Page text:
Argh, the final shot. This is one of those instances where I curse modern movie trailers. Like most horror filmgoers, I’d seen the extended preview several times in the theater. Between the haunting cover of Sweet Child of Mine and the shot of Dillahunt’s head jammed inside the microwave, it certainly piqued my interest enough to want to see Last House, but it also revealed one of the most shocking moments in this version. The biggest problem was that, while I was completely involved in this film, the image of Krug’s nuking was in the back of my (thankfully non-nuked) head the entire time. When it finally came, it almost felt like a concession to viewers craving something truly outrageous. As much as I enjoy the ridiculous image of a man’s head exploding in a household appliance, I honestly can’t tell you whether I approved of the jarring mood switch here because I never really had the chance to see it fresh.
High Points
Most of the specific changes made from the ’72 film make the actions and characters much more believable; the clearer location, the lingering ghost of the late Collingwood son, Mari’s swimming prowess, and a few more that never really make you think--as with many horror films--that what is happening is overly silly
The biggest flaw with Craven’s original is the low quality of acting. While non of the cast is making Oscar bids, Goldwyn and Potter sell their characters, Sara Paxton’s Mari is smart and likable, and the entire Krug clan is trashily fearsome

Low Points
Time and time again, we hear the same beef with modern horror films: they’re too ‘glossy’ and clean. Last House is beautifully shot--which is more than fine--but there is some sort of sheen cast over the entire film that makes it feel a tad too neat for the brutal subject matter

Lessons Learned
Broken microwaves possess powers most of us have only dreamed of. As someone who works for an appliance company, I’m suddenly wondering if this is a new direction in marketing
The Village People aren’t the only beneficiaries of the YMCA

Always let your dishes soak
If a murderous madman wants to pee, keep the man happy and let him pee
Spinoff Pitch
Mortal Microwave: The Microwave That Blows People’s Heads Up (to be written by Patton Oswalt and directed by George Barry) 
This is definitely worthy of a view, if only so you can draw your own judgment on whether it was necessary or respectful a film. Like its predecessors, Last House is not an easy film to sit through and contains some pretty icky moments of rape. The DVD includes a quickie “behind the scenes” (which is essentially a glorified trailer) and a few wisely deleted delete scenes, so it’s not quite a buy. Give it a chance and let me know your thoughts. As I said earlier, it lacks the moral ambiguity and hazy depth of past takes, but you know what? For 90 minutes, it gives you a suspenseful and well-filmed ride. It’s not my personal apex of what a remake should be, but it’s enjoyable enough for what it is and entertains on a certain, if tamer, level.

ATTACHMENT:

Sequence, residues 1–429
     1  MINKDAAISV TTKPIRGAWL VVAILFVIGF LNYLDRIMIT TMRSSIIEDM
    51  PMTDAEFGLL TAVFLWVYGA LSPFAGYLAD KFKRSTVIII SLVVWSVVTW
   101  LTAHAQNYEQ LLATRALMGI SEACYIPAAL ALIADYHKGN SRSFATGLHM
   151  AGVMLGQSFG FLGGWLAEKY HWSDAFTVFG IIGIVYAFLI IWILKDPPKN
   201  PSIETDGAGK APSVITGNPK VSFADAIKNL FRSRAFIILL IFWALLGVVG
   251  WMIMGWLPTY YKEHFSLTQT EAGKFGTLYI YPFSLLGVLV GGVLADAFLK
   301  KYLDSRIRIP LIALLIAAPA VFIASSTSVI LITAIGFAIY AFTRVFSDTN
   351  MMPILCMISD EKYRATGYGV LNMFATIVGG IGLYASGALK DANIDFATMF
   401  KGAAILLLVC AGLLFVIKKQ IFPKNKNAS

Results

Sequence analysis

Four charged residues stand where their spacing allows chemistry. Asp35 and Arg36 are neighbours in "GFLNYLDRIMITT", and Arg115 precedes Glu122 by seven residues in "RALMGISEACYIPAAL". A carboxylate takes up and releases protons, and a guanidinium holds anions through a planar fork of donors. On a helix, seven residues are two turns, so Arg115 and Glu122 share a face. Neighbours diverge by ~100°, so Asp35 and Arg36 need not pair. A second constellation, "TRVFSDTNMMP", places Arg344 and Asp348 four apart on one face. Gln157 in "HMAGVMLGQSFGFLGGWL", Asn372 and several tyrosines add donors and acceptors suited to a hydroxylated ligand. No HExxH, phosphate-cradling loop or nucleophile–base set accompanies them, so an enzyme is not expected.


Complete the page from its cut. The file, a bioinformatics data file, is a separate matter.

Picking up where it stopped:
1. I enjoyed this one, it is a definite improvement over the original material, but in a different way. I am not sure if that makes sense or not. But there you go.

  2. I agree with your low point of the film, regarding the clean look. Even the dirt on Mari's character seems to be carefully placed. Good review! You know my thoughts on this one already. But a quick recap... I hate the microwave scene.

  3. Heavenz: It really does kill me that I can't decide how I feel about the microwave. It was just SO advertised that I never had that chance to find it a) out of the tone and stupid or b) totally awesomely gratuitous. Grr marketing!

    Wings: I do get ya. It takes the concept and makes everything a little more serious and believable, even if I do think it loses something in its cleanness.

  4. Nice review. I went to the theater to watch this one. When I got home I decided to read what others were saying, and was surprised at the number of people saying how bad it was. As far as remakes go, I thought this was one of the better films out there. I'm happy to see I'm not the only person that thinks that.

  5. I think hardcore horror fans were just so eager to hate it after the rash of remakes. I understand that sentiment, but to me, Craven's Last House was so far from being a perfect film that a remake (of a remake) wasn't offensive in the least.

    I really do think horror audiences are the toughest to please. I get in trouble sometimes for defending the Saw films, not because they're great, but because they're no worse--and in many cases, quite better--than the subpar sequels to F13 and Halloween in the late 80s to 90s. We get this bloated sense of what's a classic and find it impossible to give anything that's not amazing a fair shot.